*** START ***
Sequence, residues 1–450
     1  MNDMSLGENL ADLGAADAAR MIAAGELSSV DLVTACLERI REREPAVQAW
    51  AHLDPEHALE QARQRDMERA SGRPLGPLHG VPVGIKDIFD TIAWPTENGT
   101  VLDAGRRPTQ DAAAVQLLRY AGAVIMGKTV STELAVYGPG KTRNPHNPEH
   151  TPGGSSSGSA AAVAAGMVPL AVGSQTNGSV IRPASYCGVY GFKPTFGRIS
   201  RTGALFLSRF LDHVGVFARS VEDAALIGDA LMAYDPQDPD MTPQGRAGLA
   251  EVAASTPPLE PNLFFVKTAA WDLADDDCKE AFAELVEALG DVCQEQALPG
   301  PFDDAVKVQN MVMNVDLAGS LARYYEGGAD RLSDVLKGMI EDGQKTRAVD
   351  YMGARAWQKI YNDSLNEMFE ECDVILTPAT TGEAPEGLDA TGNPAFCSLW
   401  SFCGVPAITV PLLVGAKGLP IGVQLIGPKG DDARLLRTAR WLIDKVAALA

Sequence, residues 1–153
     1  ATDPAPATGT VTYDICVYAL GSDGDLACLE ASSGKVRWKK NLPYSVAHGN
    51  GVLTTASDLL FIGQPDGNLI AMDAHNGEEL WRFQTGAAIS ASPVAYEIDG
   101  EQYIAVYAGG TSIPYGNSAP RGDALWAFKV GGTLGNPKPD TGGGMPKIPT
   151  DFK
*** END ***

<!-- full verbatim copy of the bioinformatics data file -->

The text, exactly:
Sequence, residues 1–450
     1  MNDMSLGENL ADLGAADAAR MIAAGELSSV DLVTACLERI REREPAVQAW
    51  AHLDPEHALE QARQRDMERA SGRPLGPLHG VPVGIKDIFD TIAWPTENGT
   101  VLDAGRRPTQ DAAAVQLLRY AGAVIMGKTV STELAVYGPG KTRNPHNPEH
   151  TPGGSSSGSA AAVAAGMVPL AVGSQTNGSV IRPASYCGVY GFKPTFGRIS
   201  RTGALFLSRF LDHVGVFARS VEDAALIGDA LMAYDPQDPD MTPQGRAGLA
   251  EVAASTPPLE PNLFFVKTAA WDLADDDCKE AFAELVEALG DVCQEQALPG
   301  PFDDAVKVQN MVMNVDLAGS LARYYEGGAD RLSDVLKGMI EDGQKTRAVD
   351  YMGARAWQKI YNDSLNEMFE ECDVILTPAT TGEAPEGLDA TGNPAFCSLW
   401  SFCGVPAITV PLLVGAKGLP IGVQLIGPKG DDARLLRTAR WLIDKVAALA

Sequence, residues 1–153
     1  ATDPAPATGT VTYDICVYAL GSDGDLACLE ASSGKVRWKK NLPYSVAHGN
    51  GVLTTASDLL FIGQPDGNLI AMDAHNGEEL WRFQTGAAIS ASPVAYEIDG
   101  EQYIAVYAGG TSIPYGNSAP RGDALWAFKV GGTLGNPKPD TGGGMPKIPT
   151  DFK